Justice, Racism, A Monster and 12 Angry Men

A comparison of 12 Angry Men by Reginald Rose and Monster by Walter Dean Myers

external image twelveangrymen_poster-01.jpgexternal image monster2.jpg

  • By Lauren Howell, Erin Kuhn, Alison Taylor, Dakota Jarvis

Discussion Questions

1. Compare and contrast the defendants from Twelve Angry Men and Monster. What are the similarities and differences?
2. What does justice mean? Are there examples from either text that fit the criteria for justice?
3. Do you think that justice is achieved in both texts? Why or why not?
4. Was one trial more just or unjust than the other? Why or why not?
5. What role does a jury play in determining the verdict of the defendant?
6. How are the defendants portrayed in each play?
7. Why do you think Monster was written as a play? Does it affect your ideas and feelings about the story?
8. Why do you think that Kathy O'Brien did not hug Steve after he was declared innocent?
9. After Sandra Petrocelli calls Steve a monster, Steve wonders how other people see him. How do you see Steve?
10. What is reasonable doubt? Can you give examples of reasonable doubt in trial cases such as in the play 12 Angry Men?
11.What do you think was the most important evidence given for voting not guilty? guilty?
12. Did the jury prove the defendant not guilty? Why or why not?
13. How would you have voted in the 12 Angry Men case?
14. How does outside influences affect the jurors in 12 Angry Men?
15. How are jury members chosen? What is a fair jury in the eyes of the judicial system?

Class Activities

Activity One:
An activity designed for students choose for themselves if the defendant in both texts is innocent or guilty. Students must then pick from the text evidence to support their claims and discuss their findings together as a class. Claims for both sides will be written on the board for both defendants. Similarities and contrasts will be focused on and followed up by a writing prompt for each student to express their claim before they leave the classroom.

Activity Two:
News/Radio announcement following the Steve Harmon's case from Monster by Walter Dean Myers or students can follow the case in 12 Angry Men by Reginald Rose. Each week a student or a small group of students report on the events of the case based on what they have read. This activity can work as a small recap for the class on what they have read. The activity should take place in the beginning of class. It is designed to show them the three layers of court cases by having then report from outside the courtroom, inside the courtroom, and inside the jury room.

Activity Three:
Chat room style jury- students are to take a stance on Steve Harmon's case and discuss it in the chat room as if they were the jurors determining the outcome of the case. What evidence suggests he's guilty/innocent and why? (This activity would be done after students have read/watched 12 Angry Men so that they can see what it is like inside the jurors' discussion room. They should model their discussion after what they have read/seen. By taking a stance and supporting it with the evidence they have read in the book Monster.)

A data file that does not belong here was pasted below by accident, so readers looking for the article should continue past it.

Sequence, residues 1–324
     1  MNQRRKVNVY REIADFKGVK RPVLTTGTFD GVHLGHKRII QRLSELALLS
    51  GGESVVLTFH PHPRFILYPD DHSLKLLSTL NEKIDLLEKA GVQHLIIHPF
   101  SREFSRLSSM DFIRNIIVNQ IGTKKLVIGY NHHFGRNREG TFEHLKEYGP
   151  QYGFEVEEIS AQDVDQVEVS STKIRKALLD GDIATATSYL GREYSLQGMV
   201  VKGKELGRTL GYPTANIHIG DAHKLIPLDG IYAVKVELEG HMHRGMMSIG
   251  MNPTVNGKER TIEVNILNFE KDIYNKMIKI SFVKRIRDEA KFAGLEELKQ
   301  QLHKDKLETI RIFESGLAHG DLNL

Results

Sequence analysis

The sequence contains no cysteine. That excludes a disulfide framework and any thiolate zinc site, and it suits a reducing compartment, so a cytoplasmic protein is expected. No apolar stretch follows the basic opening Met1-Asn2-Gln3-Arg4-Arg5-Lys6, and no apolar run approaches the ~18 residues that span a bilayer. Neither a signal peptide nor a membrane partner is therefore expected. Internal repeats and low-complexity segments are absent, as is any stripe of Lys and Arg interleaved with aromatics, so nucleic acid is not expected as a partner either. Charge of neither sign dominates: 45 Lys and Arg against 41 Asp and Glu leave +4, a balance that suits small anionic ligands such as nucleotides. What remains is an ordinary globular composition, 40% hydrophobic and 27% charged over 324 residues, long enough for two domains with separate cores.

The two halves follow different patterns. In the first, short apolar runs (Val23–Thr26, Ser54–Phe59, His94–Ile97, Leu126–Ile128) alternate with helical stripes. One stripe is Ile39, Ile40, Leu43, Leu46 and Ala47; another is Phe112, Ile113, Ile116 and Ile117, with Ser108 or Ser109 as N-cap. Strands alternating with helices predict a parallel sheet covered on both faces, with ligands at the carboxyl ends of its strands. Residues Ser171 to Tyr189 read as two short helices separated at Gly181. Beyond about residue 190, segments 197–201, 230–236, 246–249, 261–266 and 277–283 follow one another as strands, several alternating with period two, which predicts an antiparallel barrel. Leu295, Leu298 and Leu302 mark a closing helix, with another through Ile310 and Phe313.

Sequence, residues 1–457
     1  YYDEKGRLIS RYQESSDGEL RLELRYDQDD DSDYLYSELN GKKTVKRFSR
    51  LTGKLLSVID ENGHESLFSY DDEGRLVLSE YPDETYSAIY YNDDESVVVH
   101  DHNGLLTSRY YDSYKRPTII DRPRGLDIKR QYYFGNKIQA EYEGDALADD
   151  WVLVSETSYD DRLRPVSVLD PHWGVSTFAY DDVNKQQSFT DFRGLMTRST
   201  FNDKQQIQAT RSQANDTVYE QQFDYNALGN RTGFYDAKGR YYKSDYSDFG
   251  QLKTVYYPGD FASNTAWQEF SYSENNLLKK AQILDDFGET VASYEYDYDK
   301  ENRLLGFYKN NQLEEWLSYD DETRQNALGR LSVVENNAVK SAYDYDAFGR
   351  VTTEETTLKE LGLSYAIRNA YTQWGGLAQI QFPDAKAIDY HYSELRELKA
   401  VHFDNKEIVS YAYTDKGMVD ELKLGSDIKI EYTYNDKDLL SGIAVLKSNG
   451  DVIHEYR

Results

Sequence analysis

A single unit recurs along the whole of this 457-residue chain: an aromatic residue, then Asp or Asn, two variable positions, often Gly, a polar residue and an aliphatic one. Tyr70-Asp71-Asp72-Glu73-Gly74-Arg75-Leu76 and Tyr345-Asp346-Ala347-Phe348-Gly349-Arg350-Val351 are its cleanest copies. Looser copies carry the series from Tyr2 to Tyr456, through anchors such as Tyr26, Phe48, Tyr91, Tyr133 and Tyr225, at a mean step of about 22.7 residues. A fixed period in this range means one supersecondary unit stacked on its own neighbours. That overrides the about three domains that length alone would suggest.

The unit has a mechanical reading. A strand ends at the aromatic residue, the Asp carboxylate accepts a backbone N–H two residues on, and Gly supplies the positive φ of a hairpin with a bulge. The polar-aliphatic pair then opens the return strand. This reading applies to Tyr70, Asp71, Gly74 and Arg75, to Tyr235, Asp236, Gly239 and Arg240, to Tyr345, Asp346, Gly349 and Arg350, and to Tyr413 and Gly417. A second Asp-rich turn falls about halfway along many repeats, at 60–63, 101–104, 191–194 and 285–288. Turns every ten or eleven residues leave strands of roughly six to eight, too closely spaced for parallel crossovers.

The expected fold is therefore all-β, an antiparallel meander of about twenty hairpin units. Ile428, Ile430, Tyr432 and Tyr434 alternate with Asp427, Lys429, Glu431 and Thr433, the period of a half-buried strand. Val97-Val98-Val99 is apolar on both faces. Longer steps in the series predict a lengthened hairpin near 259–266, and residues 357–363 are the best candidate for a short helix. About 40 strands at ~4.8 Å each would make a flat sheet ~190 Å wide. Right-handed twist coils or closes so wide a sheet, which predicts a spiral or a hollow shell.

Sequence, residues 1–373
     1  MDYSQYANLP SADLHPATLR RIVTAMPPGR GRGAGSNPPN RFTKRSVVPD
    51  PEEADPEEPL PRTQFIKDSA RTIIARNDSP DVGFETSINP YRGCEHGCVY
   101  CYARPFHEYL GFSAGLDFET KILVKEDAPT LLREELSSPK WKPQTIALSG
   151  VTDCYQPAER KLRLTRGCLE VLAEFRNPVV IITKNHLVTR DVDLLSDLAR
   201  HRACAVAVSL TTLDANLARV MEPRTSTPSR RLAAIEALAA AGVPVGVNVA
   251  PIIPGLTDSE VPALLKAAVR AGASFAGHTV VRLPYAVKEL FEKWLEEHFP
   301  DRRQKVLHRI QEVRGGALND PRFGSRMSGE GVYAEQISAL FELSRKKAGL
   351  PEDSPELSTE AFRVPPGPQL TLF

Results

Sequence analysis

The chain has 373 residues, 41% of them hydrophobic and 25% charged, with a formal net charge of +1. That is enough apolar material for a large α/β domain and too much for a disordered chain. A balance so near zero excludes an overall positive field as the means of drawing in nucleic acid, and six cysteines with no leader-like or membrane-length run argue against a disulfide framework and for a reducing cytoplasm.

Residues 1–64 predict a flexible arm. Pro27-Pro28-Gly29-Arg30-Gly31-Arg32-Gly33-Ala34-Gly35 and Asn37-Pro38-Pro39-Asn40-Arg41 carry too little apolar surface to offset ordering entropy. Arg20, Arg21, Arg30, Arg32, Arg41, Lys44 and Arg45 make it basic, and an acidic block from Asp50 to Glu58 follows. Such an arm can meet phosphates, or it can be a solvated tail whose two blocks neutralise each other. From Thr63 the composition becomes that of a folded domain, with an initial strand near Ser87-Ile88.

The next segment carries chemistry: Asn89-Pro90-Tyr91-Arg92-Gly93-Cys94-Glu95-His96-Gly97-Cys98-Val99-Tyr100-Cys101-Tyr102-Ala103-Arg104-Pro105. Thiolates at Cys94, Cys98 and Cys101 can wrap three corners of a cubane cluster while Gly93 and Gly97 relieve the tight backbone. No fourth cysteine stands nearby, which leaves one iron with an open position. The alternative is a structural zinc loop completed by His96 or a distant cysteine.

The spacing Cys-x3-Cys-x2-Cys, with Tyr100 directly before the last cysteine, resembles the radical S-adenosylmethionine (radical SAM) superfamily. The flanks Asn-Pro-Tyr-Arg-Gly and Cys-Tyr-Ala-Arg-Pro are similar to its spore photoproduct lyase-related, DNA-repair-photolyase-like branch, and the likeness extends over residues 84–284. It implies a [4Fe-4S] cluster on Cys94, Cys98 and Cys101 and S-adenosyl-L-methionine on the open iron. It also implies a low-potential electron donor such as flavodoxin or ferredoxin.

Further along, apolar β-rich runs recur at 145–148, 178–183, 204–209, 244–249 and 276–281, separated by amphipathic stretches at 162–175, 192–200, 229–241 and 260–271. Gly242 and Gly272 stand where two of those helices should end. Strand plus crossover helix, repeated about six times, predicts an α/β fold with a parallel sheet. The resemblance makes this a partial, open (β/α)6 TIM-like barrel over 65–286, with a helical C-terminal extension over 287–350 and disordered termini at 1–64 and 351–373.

Original Multimedia

This Podcast follows the case of Steve Harmon however touches on deeper aspects that are also present in 12 Angry Men. This multimedia project is modeled after Activity Two mentioned above.

Additional Resources

  • Reginald Rose
    Link:Reginald Rose @ WebEnglishTeacher
    A very nice collection of a few resources for English teachers, including lesson plans and ideas for course activities concerning 12 Angry Men.
  • Compounded Disadvantage

    Link: Article
    Compounded Disadvantage: Race, Incarceration, and Wage Growth by Christopher J. Lyons and Becky Pettit. Social Problems, Vol. 58, No. 2 (May 2011), pp. 257-280
    "One in three black men can expect to go to prison in their lifetime." We used this link for information to create our podcast.
  • Prisoners in 2011

    Link: Article
    Carson, E. Ann, and Sabol, William J., "Prisoners in 2011" (Washington, DC: US Dept. of Justice Bureau of Justice Statistics, Dec. 2012), NCJ239808, Table 9, p. 9.
    "The most serious offense for 237,000 sentenced prisoners in state facilities at the end of 2010 was a conviction involving illegal drugs. Of this total: 69,500 (29.3%) were non-Hispanic white, 105,600 (44.6%) were non-Hispanic black and 47,800 (20.2%) were Hispanic."
    We used this link for information to include in our podcast.
  • Prisoners in 2010

    Link: Article
    Prisoners in 2010. Paul Guerino, Paige M. Harrison, and William J. Sabol, U.S. Department of Justice, Bureau of Justice Statistics. (pp. 27).
    We used this source for facts that we used in our podcast. It contains statistics collected by the U.S. Department of Justice about the make-up of prisoners held in U.S prisons.
  • Jury Service. United States Courts. Selection of Jurors.
    About Jury Service
    From this source students can find information about the United States Jury Service. They could use this source for information for papers and activities.

  • NPR
    Link: NPR
    We used this source as a model for our podcast. The radio interview style often includes a radio show host, news segment, specialist, and listener calls. We used npr listen as a tool to familiar ourselves with this type of radio show.
  • Sydney Lumet's 12 Angry Men
    We used this source as a jumping point for activity three. Students will watch this movie after reading the drama. This video will help students conceptualize what goes on in the jury room and give them another example so they can effectively participate in activity three.